Things are heating up. The Oklahoma City Thunder are heading to the NBA Finals, and global IP traffic is heading into the zettabytes.
Is there a connection between these two developments? Absolutely. And if you’re following the NBA on a mobile device, then you are attuned to the trifecta of elements that is now a staple of the fan experience: the explosion of sports-focused media content, the networks that carry that content, and the evolving array of mobile devices that receive it.
Take a look at this video to see how the NBA is heating up the fan experience:
Cisco just released the 2012 Visual Networking Index (VNI) Forecast, our ongoing initiative to forecast and analyze IP network growth and trends worldwide. The research shows that we’re in for some exciting growth – into the zettabytes by 2016. (One zettabyte is equal to a trillion gigabytes and yes, that number makes my head spin, too.)
This growth will come from a mix of factors, including the proliferation of tablets, mobile phones, and other smart devices that are driving up demand for connectivity, faster broadband speeds, and more video. How much video? By 2016, 1.2 million video minutes – the equivalent of 833 days (more than two years) – will travel the Internet every second. Over half of the world’s Internet traffic will come from Wi-Fi connections such as the Starbucks link you just used to watch the latest pick and roll.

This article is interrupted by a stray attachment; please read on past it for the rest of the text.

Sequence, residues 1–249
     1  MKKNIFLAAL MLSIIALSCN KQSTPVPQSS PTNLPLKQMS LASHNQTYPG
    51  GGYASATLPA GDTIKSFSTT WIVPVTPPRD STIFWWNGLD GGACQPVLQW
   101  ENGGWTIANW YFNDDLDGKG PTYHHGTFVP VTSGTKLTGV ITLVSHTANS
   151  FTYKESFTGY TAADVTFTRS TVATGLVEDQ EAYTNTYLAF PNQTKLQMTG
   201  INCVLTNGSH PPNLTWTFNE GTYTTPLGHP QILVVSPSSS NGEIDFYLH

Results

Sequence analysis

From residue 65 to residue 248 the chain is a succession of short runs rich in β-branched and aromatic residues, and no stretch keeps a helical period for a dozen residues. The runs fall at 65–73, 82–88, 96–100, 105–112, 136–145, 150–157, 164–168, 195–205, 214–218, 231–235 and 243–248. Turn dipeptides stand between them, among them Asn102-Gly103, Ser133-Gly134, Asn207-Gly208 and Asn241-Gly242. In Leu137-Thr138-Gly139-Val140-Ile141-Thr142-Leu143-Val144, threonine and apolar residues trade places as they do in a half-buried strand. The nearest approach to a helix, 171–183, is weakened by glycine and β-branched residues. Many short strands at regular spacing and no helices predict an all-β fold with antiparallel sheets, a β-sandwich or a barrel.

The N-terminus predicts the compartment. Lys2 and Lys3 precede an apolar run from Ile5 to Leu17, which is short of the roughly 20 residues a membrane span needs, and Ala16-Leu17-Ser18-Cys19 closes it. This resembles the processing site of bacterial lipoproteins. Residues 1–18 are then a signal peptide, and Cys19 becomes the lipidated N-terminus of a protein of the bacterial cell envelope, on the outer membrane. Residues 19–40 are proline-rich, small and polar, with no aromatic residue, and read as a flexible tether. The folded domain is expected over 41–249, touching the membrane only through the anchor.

We see this growth as a full-on paradigm shift in the mobility arena. These heated up conditions are the “new normal.” For sports fans like you and me, this means that media content will continue to proliferate, becoming richer and more interactive. Carriers, ISPs, and sports stadiums will embrace new information architectures to meet the demand for networks that can support this content and sustain huge spikes in traffic when the action heats up.
And as we roll into the NBA Finals, we’re seeing first-hand what’s driving Internet growth into the zettabytes.